The next step is to outline the components of the plan; risk areas (McIntosh, 2007). In response to this, this paper will identify all the possible responses to the risks involved. These responses would also consider external and internal issues associated with them. It will also look at the human and financial resources needed and the problems with obtaining them.
This paper will identify the issues that would hinder the accommodation of one or both of the conventions at the same time. The aim is to have both conventions but possibly at a different time. If, however, this is not possible, the aim would change to accommodate only one convention without losing the other customer for future conventions.
External issues are all those problems that have nothing to do with the resort itself, but with everything else outside of it. These are all the peripheral issues that could hinder the resort in accommodating both the conventions on the same day. Internal issues, on the other hand, are problem areas within the resort. These are issues that would get in the way of the accommodation of both or one of the major conventions and so will need to be considered.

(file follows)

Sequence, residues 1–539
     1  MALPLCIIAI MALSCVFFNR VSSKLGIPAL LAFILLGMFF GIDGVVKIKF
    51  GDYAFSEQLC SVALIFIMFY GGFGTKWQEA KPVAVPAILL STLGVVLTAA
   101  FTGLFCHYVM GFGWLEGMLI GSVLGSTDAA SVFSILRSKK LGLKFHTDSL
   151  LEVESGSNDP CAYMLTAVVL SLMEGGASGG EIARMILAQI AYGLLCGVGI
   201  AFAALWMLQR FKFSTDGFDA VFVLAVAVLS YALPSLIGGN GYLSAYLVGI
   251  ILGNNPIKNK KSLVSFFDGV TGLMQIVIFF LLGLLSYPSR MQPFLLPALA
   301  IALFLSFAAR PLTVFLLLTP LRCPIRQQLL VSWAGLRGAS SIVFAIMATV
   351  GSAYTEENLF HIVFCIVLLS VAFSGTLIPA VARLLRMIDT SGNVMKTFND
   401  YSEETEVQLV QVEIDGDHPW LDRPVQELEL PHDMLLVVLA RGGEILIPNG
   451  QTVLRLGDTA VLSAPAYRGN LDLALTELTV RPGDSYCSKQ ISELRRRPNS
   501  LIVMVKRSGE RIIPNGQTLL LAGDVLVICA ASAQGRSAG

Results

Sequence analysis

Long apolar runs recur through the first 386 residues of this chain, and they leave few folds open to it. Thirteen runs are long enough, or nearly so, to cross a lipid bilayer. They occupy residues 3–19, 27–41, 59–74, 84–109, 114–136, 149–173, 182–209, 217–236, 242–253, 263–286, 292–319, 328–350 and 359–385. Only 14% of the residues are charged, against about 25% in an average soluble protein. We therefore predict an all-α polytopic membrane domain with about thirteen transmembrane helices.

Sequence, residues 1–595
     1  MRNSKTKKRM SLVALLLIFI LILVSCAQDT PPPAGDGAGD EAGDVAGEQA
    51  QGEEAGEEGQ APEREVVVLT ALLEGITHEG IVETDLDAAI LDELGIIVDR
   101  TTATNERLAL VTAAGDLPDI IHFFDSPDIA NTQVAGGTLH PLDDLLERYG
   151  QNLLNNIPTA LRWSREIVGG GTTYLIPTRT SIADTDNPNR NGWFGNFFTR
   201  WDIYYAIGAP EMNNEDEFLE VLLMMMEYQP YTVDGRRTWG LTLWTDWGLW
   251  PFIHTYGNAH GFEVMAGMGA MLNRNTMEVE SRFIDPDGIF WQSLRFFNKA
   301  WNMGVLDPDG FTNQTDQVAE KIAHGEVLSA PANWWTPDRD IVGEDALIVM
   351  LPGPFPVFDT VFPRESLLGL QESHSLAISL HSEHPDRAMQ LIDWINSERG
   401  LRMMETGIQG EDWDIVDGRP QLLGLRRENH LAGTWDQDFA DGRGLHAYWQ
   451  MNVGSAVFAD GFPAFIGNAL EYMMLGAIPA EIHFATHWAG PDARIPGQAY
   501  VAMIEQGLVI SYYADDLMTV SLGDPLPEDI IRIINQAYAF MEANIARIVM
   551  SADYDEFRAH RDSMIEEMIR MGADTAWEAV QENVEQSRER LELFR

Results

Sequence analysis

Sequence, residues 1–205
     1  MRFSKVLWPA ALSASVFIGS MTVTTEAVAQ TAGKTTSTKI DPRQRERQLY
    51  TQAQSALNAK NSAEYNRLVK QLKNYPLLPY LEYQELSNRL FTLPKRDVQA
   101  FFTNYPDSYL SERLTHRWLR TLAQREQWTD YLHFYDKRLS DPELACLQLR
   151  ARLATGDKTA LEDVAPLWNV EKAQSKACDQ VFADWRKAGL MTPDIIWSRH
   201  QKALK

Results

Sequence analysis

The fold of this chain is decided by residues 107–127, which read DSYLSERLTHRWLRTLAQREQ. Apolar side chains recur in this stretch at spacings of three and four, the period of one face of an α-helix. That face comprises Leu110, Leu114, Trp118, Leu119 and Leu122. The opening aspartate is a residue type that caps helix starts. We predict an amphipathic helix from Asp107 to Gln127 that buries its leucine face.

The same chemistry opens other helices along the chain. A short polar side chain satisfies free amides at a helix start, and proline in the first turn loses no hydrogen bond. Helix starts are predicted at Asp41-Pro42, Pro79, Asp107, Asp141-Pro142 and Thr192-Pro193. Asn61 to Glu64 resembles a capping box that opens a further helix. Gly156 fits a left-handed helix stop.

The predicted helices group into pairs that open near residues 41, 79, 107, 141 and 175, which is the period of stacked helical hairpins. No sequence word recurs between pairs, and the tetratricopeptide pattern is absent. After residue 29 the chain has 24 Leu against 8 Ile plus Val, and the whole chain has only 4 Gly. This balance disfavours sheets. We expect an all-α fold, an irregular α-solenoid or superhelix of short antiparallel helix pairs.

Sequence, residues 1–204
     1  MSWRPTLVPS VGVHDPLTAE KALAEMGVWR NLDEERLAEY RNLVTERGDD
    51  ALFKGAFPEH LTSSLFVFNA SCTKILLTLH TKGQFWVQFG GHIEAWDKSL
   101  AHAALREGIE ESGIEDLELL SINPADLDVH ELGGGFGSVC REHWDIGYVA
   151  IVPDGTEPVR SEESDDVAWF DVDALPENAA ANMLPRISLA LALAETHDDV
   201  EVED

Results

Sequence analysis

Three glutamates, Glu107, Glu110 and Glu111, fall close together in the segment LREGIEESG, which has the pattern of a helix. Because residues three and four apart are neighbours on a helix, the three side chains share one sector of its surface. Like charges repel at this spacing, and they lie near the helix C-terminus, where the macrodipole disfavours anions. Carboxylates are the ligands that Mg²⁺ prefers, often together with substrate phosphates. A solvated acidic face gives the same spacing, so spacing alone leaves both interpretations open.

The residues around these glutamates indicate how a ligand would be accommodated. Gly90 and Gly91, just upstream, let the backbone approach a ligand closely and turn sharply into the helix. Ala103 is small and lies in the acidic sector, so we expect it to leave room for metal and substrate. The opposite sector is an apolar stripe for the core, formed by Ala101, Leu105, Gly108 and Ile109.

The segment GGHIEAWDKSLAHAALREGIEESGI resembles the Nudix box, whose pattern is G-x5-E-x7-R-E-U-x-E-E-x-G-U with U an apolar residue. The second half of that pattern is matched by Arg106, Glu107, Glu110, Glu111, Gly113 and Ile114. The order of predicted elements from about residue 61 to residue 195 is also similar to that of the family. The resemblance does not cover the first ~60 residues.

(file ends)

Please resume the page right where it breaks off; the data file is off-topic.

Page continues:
Contingency planning means to plan for risks so that it can be known how to deal with them beforehand, in case they occur. It is important because it allows people to see the various ways in which a risk can be dealt with. Each response would consider external and internal issues and the human and financial resources required. Possible responses or a contingency plan for the risks identified include:
Reschedule other insignificant, smaller appointments that are taking up extra and more than necessary meeting space. The external issues to consider would be the significance and profitability of the smaller party involved. If this insignificant appointment can lose an important, valuable customer for the resort, this option will